The third Freescape game, Total Eclipse, was released on 8-bit home computers first (ZX Spectrum, C64 and Amstrad CPC), and later appeared on 16-bit machines, including this excellent Amiga conversion, published by Domark in 1989.
Dark Side is the second Freescape game from Major Developments and Incentive Software. Freescape was one of the earliest (if not THE earliest) 3D game engine and was used to make a series of significant games in the mid Eighties.
This Atari ST version of Dark Side came out in 1989 and featured much faster, smoother graphics than the 8-bit versions. The cockpit graphics were also more intricate than the originals too.
Dark Side is the same game as previous versions though. You’re a lone trooper on a mission to destroy some enemy solar cells. You have a space suit, some lasers, and a jet pack with limited fuel. You also have a limited amount of time to complete the mission. So it’s a race against time.
The Commodore 64 version of Incentive‘s classic Driller is surprisingly good, considering that the machine isn’t particularly suited to this kind of game.
The graphics have a chunky, C64 charm and look about them, and the subdued colours work well in the context of an atmospheric science fiction game. The frame rate is probably the lowest of the 8-bit versions, but that’s okay if you know how to play the game properly (ie. by adjusting your steps and turns by using the increment keys). Driller is quite a slow game to play anyway, so the frame rate doesn’t really get in the way.
Playing Driller on 8-bit machines is an interesting piece of time travel on the subject of 3D gaming. Freescape, and Driller, was one of the very first attempts to create a fully explorable 3D world inside a video game.
American publisher Epyx released UK hit game Driller onto US PC markets under the title of Space Station Oblivion in 1988.
There was no need for a title change really. Driller says it all.
The PC MS-DOS version is the fastest and smoothest of all the 16-bit versions around. Well, of ALL the versions around. Unless someone’s remade it and I’ve yet to notice…
PC Driller doesn’t have the intricate cockpit graphics of the ST and Amiga versions, but it does have the zip. It’s fast. And can be played in CGA (four colour) and EGA (16 colour) modes.
Which version of Driller has the greatest frame rate? Probably this one, although it doesn’t have the artisnal graphical quality of the Atari ST version.
Driller and Freescape started life on the ZX Spectrum in 1987 – performing miracles on Sir Clive’s humble little machine. Creating 3D worlds were people said there was none.
And, being more than just a graphics engine, Freescape (and Driller) lived on into the 16-bit realm, and beyond.
Driller appeared on both the Atari ST and Amiga (and in PC MS-DOS under the title of Space Station Oblivion, courtesy of Epyx) in 1988, and it really showed what Freescape was – a firm step towards the future of 3D gaming…
With the extra frame rate, extra smoothness, and extra speed in the gameplay came a feeling that Driller wasn’t really all that bad, deep down. Pun intended.
These grabs are from the UK Atari ST version, which takes Driller to another level, with its ornate cockpit dashboard designs (something the US PC MS-DOS version doesn’t have).
Driller first appeared on the ZX Spectrum in 1987. This version is where it all began.
Driller‘s engine – called Freescape – was to go down in history as one of the first to make 3D gaming a real possibility.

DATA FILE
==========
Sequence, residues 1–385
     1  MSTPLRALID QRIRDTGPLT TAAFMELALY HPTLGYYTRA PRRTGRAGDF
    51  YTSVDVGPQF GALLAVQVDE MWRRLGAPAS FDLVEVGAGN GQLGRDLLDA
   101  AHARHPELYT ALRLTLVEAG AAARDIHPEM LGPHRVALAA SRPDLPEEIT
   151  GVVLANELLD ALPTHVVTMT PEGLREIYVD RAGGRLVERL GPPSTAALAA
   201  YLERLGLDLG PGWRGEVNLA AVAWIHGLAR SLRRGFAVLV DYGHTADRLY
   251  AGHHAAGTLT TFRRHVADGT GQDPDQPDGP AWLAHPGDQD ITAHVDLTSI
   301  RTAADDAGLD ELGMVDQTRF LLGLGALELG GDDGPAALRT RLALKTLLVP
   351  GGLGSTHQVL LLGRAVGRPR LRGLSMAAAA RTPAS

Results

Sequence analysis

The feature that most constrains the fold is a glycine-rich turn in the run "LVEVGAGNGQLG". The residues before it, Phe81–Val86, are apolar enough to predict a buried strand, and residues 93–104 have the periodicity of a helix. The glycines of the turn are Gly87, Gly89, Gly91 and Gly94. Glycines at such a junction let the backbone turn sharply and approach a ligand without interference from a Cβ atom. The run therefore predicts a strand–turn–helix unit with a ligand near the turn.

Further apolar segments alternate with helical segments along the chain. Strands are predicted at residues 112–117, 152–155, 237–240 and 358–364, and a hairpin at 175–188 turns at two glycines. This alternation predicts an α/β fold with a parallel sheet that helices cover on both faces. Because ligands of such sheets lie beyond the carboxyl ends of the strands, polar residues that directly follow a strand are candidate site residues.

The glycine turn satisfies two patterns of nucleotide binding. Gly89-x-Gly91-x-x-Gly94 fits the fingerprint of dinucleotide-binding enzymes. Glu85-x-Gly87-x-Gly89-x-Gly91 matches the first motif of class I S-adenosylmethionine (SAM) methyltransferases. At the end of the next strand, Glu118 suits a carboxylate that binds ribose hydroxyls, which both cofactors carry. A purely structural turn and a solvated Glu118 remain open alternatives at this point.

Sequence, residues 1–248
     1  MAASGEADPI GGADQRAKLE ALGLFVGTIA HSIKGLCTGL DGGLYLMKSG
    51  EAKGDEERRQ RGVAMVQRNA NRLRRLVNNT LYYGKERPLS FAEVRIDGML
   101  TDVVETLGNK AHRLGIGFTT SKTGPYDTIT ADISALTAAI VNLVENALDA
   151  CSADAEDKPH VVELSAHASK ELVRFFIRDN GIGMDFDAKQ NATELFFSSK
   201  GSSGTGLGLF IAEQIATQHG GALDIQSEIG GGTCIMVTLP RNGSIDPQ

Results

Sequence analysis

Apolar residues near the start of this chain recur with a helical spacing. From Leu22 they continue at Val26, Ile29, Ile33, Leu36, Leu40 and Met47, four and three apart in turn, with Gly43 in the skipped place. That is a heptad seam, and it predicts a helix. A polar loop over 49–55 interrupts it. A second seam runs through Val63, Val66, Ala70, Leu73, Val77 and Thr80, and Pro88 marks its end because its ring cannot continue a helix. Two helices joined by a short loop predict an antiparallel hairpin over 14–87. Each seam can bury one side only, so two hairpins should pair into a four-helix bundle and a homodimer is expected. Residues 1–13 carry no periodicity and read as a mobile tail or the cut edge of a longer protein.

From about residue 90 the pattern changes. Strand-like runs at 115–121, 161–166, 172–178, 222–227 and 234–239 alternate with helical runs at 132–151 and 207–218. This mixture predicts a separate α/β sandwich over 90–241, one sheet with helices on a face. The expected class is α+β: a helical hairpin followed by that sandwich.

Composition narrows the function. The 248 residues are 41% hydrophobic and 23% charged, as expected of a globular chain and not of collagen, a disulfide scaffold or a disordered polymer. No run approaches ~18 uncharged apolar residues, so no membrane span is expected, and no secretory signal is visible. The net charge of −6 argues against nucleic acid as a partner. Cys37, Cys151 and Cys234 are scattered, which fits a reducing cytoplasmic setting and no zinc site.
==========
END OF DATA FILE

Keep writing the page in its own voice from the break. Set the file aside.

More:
The ZX Spectrum version runs at about ten frames a second at best. Eleven if you’re lucky. Not surprising considering what the game is doing.
So developer Major Developments kept the gameplay simple in the hope that it wouldn’t bore you.
By ‘simple’ that means: remembering about ten different key strokes to keep your viewpoint in shape… and also being quick on the draw when confronted by enemies.
Driller is surprisingly strategic when you get into it!
Driller was the very first Freescape game. A very important game for its time.
It first came out in 1987.
It was one of the first ever games that allowed you to explore a full 3D environment, and Freescape was the engine that made it possible.
During play you can rotate the first-person field of view and also look up and down. You can choose whether to step or turn in increments. And you can shoot objects in the enviroment to interact with them. Shoot a tank to destroy it. Shoot a door to open it. Shoot a switch to activate it. And so on. The puzzles are simple, but for the time the engine was mind-blowing.
The Amstrad‘s extra colours and decent frame rate make this version the best of the 8-bit originals.
The Amiga and Atari ST versions take Driller to another level though.
Dark Side is the 1988 sequel to Driller is a very early example of a first-person, full 3D, explorable world, that can be viewed from almost any angle.
The game engine – Freescape – has gone on to become famous as one of the earliest examples of its type, and one that was hugely influential on every 3D exploration game that followed.
Dark Side – in my opinion – is much more interesting than Driller, the game that preceded it, and in it you play a government agent sent to an alien moon to fight terrorists and to disable an immense beam weapon they have built, before it is used on your home planet.
You can walk around, fly (using a jetpack), shoot, and rotate your angle of vision up or down, or around.
Considering the Spectrum’s limitations, Dark Side is a tremendous achievement. That such a complex game was crammed into just 48K of memory is quite staggering really.
A number of other Freescape games followed Dark Side, courtesy of publisher Incentive, though you could argue that none of them managed to better this game.